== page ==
(Beirut) – Two French citizens tried in recent days in Iraq for affiliation with the Islamic State (also known as ISIS) have alleged that they were tortured or coerced to confess, Human Rights Watch said today.
Seven French citizens were sentenced to death in the trials between May 26 and 29, 2019, and another’s verdict was postponed. At least one defendant said that Iraqi officers tortured him and another said that officers forced him to confess under duress and to sign a statement he could not read. Despite these allegations, the French foreign minister, Jean-Yves Le Drian, stated on May 29 that the defendants had “fair trials.”
“France and other countries should not be outsourcing management of their terrorism suspects to abusive justice systems,” said Lama Fakih, acting Middle East director at Human Rights Watch. “These countries should not be sitting idly by while their citizens are transferred to a country where their right to a fair trial and protection from torture are undermined.”
The men are part of a group of foreign detainees, including at least 11 French nationals, whom the US-backed Syria Democratic Forces (SDF) transferred from northeast Syria to Iraq in early 2019. In these cases, because of the risk of torture and absence of fair trials, the transfers are unlawful, Human Rights Watch said. These abuses highlight the urgent need for countries like France that can guarantee due process, to ensure that their nationals can return to their home country. There, any national suspected of war crimes, torture, or other international crimes should be investigated and, if appropriate, prosecuted in trials that meet internationally accepted fair-trial standards.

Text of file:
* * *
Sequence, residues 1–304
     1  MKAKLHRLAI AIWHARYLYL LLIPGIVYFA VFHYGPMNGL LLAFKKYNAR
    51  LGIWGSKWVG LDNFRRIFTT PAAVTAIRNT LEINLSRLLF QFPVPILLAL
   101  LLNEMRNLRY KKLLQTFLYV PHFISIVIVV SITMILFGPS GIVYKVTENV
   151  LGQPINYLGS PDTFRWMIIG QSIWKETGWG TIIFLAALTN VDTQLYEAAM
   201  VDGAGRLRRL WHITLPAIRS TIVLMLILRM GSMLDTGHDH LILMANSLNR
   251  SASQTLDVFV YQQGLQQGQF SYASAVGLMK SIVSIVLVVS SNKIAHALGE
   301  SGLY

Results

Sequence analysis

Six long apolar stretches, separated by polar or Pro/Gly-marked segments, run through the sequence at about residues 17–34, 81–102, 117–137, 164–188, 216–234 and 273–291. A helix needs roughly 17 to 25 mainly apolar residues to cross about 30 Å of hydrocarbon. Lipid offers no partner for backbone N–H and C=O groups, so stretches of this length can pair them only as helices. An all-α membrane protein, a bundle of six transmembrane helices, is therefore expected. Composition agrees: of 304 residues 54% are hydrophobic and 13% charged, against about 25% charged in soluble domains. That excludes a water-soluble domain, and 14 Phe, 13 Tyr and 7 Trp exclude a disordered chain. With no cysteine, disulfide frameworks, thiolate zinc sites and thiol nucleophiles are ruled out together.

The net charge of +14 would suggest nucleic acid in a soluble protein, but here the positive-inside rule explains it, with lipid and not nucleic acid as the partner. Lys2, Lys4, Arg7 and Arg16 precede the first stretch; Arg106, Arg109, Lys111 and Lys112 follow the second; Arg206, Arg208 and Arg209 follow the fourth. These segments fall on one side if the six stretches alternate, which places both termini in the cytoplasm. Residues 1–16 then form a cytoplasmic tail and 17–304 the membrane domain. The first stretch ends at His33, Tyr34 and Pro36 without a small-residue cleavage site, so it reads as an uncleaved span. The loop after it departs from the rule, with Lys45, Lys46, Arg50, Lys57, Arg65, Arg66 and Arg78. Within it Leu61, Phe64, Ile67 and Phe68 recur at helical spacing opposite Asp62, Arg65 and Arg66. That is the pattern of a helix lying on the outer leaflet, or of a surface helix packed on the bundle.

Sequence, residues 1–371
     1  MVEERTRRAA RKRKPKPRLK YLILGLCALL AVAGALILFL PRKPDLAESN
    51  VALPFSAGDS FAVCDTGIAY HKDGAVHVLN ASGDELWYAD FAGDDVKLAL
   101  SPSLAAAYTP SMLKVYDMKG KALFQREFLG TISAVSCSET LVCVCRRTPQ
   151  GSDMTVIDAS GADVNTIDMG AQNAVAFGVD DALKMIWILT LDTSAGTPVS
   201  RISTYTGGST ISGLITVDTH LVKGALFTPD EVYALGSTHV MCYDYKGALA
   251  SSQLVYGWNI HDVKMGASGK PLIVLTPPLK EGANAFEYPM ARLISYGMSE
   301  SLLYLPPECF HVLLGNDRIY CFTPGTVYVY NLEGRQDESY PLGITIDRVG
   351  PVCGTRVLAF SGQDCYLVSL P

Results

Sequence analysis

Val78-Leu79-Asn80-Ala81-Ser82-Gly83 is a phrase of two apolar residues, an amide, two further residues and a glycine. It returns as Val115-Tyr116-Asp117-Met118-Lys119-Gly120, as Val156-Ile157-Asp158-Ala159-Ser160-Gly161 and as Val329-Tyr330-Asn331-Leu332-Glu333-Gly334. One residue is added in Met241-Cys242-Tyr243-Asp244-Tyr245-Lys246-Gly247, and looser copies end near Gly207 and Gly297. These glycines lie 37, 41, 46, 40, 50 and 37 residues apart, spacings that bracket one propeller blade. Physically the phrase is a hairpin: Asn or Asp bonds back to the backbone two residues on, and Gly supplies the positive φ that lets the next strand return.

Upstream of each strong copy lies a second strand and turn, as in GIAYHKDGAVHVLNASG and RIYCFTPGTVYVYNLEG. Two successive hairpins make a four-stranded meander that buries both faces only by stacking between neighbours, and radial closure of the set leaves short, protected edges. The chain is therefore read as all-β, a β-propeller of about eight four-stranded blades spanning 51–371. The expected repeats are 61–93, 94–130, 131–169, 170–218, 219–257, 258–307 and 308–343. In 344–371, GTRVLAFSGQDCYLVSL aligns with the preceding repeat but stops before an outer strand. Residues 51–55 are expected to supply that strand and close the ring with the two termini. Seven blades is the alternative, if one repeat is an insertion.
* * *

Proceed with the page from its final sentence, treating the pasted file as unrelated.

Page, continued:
The Karkh branch of Iraq’s Central Criminal Court sentenced seven French citizens to death for ISIS affiliation and postponed the verdict of an eight, who alleged in court that he was tortured, until June 2. Court sources said that the other French nationals the SDF transferred from Syria will be charged and sentenced by the court in the coming days, including three on June 3.
One French defendant who appeared in court on May 27 told the court that officers tortured him in detention, two trial observers told Human Rights Watch. The presiding judge had the defendant lift his shirt, saw marks on his back and shoulder, and ordered a forensic medical exam and for the defendant to reappear in court on June 2. The judge did not ask for details about where or when the torture occurred, who had tortured him, or in what way, one observer said.
The observers said that a French defendant who was sentenced to death told the judge that officers had forced him under duress to confess and to sign a statement in Arabic that he could not understand. The observers said they understood his reference to duress to mean that he might be implying he was tortured. The judge asked him to lift his shirt and seemingly because there were no obvious signs of torture, sentenced him to death without asking any questions regarding the allegation.